By Terri Marcroft
Each year, almost three million American women face an unplanned pregnancy. When a pregnancy is unwanted and those involved are not ready, willing or able to parent, that is a dilemma for which there is no ideal solution.
The obvious options for one facing an unplanned pregnancy are abortion, parenting and adoption, but few among us know much about the pro’s and con’s of those three options. Let’s explore.
How Abortion Hurts Women
Abortion is presented as a safe, quick, painless answer. And we dupe women into believing that by withholding the rest of the story. During the last fifty years of unfettered abortion access in this country, we’ve learned what abortion does to the female body. We’ve been able to observe and study the side effects over time among large groups. Those findings reveal significant risks to women’s health.
Yet we don’t hear about the side effects of abortion from those who are selling them. Society tells us that there’s no downside to abortion. That is simply not true.
Elective abortions can exact an immense physical and emotional toll on women. Most women who undergo abortion procedures are not made aware of the long-term effects, but numerous studies have documented them in three categories—compromised mental health, preterm births, and increased risk of breast cancer.
Compromised Mental Health
Hundreds of US studies have examined the association between abortion and mental health. The most comprehensive source is the research done by Dr. David C Reardon, Dr. Priscilla Coleman, and the American Association of Pro-Life Obstetricians and Gynecologists, known as AAPLOG.
AAPLOG, the American Association of Pro-Life Obstetricians and Gynecologists. AAPLOG ‘s mission is to encourage and equip its members and other concerned medical practitioners to defend the lives of both the pregnant mother and her pre-born child.
Both pro-life and pro-choice researchers agree that “the abortion experience directly contributes to mental health problems.” Large studies done with nationally representative samples and a variety of controls for personal and situational factors indicate abortion significantly increases risk for the following mental health problems:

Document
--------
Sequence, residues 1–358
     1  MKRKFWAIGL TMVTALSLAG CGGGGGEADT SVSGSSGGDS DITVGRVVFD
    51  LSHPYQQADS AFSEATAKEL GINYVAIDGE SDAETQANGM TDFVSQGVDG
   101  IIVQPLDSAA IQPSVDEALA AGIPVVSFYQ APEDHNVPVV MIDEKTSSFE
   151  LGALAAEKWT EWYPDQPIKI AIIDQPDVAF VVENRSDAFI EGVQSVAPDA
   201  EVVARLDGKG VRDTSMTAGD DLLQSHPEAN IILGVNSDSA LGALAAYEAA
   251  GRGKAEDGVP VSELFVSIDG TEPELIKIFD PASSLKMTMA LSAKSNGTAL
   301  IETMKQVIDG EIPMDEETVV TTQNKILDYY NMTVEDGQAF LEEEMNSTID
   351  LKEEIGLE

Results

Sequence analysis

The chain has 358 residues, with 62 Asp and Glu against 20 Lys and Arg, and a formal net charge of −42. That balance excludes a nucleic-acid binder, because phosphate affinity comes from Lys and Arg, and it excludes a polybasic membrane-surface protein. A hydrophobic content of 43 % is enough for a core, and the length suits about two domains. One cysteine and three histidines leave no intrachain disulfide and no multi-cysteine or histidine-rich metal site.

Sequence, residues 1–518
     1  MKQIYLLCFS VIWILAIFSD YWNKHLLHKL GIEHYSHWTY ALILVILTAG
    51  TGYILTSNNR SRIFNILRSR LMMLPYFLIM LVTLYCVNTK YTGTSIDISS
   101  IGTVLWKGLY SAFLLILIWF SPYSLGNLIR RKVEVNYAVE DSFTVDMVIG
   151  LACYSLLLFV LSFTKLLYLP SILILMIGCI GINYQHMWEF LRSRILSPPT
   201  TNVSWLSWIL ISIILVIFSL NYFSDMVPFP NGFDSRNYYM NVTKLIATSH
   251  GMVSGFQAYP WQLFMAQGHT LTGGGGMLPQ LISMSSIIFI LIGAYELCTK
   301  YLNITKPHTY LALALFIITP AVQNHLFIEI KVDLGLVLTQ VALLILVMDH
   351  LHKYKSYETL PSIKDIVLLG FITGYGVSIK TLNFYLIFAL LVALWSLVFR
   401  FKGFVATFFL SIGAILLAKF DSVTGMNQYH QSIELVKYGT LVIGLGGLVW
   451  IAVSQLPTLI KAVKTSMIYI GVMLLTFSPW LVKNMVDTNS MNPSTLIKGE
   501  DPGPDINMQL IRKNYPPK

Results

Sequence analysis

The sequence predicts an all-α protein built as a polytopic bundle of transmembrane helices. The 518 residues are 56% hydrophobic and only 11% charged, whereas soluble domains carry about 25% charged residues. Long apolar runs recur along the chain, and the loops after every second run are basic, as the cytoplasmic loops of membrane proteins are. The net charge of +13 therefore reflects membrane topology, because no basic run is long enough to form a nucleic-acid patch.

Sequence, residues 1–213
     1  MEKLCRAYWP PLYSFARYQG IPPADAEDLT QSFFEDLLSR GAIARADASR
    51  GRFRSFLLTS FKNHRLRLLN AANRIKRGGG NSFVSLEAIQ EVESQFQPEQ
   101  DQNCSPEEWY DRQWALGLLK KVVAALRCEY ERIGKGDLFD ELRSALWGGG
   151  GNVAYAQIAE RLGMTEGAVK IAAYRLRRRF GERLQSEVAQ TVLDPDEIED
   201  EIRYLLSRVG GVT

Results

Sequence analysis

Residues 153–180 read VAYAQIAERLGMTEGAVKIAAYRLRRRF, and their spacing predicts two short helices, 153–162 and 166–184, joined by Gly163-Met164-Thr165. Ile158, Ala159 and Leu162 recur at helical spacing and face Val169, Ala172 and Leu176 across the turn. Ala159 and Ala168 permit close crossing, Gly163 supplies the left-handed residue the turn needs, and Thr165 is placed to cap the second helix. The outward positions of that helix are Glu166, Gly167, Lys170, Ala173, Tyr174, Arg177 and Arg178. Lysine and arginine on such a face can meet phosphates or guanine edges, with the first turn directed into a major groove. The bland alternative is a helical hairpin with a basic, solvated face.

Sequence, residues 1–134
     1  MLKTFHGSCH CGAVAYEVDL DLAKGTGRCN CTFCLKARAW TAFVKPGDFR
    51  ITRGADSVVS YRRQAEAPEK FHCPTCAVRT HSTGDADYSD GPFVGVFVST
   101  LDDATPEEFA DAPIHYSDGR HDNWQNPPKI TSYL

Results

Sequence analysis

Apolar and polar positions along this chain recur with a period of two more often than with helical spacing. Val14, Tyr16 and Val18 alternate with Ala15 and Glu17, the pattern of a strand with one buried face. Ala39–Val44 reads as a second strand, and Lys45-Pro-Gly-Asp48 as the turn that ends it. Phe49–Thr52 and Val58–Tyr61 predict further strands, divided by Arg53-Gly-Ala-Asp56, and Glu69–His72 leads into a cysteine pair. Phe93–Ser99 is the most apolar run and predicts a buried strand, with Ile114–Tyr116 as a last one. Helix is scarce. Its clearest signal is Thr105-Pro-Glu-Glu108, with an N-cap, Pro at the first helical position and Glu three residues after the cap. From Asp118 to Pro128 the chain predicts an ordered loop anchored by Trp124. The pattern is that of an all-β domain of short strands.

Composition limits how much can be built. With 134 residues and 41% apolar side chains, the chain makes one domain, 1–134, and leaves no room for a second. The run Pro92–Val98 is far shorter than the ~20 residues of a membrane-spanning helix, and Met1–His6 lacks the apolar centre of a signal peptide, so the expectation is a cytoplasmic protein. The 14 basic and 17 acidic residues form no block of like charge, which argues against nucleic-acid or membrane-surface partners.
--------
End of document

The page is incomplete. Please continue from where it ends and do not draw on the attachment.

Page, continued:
• Substance abuse
• Suicide ideation and behavior
Suicide, specifically, is a serious risk, based on the much-studied correlation. Young women, under 18 years old, account for 15–30% of abortions and have a significantly higher suicide rate than their peers: compared with women who delivered, women were 6.5 times more likely to die by suicide during the year after an induced abortion. AAPLOG says that another large study found a 155% increase in suicidal behavior post-abortion.
“Literally every large scale study of the abortion and mental health link has revealed higher rates of mental illness among women.”
For many women who’ve chosen abortion, reconciling with the decision is a life-long endeavor. Dr. Coleman notes in a 2015 interview that about 50% of women who have abortions do believe that they are “terminating the life of a human being,” and that belief tends to make the aftermath more traumatic. As ultrasound technology improves, we’re able to clearly see the human formation even earlier.
About 80% of Americans view biologists as the group most qualified to determine when a human’s life begins. A recent survey of 5577 biologists from 1,058 academic institutions around the world showed a consensus: 96% of those experts in biology agree that human life begins at fertilization. That makes it increasingly difficult for a pregnant women to deny that she is carrying a human life, a dissonance which can lead to compromised mental health issues and even PTSD-like trauma.
The trauma is undeniable.
I saw this firsthand at a Rachel’s Vineyard retreat: it was attended by 19 women, ranging in age from their 20s to their 80s. It made a lasting impression on me that women in their 70s and 80s sobbed as they shared their stories. They were still grieving their abortions, many decades later. These care programs and support groups give women a place to talk with others and share their experience, process their grief and forgive themselves. With this assistance, post-abortive women can finally get closure, heal and move on with their lives.